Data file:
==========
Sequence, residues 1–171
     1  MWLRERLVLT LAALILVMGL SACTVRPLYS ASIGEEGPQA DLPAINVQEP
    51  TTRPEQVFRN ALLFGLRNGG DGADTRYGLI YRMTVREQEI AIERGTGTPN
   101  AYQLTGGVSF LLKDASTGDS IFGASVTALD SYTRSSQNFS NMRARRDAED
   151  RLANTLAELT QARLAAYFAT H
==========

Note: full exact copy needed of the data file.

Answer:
Sequence, residues 1–171
     1  MWLRERLVLT LAALILVMGL SACTVRPLYS ASIGEEGPQA DLPAINVQEP
    51  TTRPEQVFRN ALLFGLRNGG DGADTRYGLI YRMTVREQEI AIERGTGTPN
   101  AYQLTGGVSF LLKDASTGDS IFGASVTALD SYTRSSQNFS NMRARRDAED
   151  RLANTLAELT QARLAAYFAT H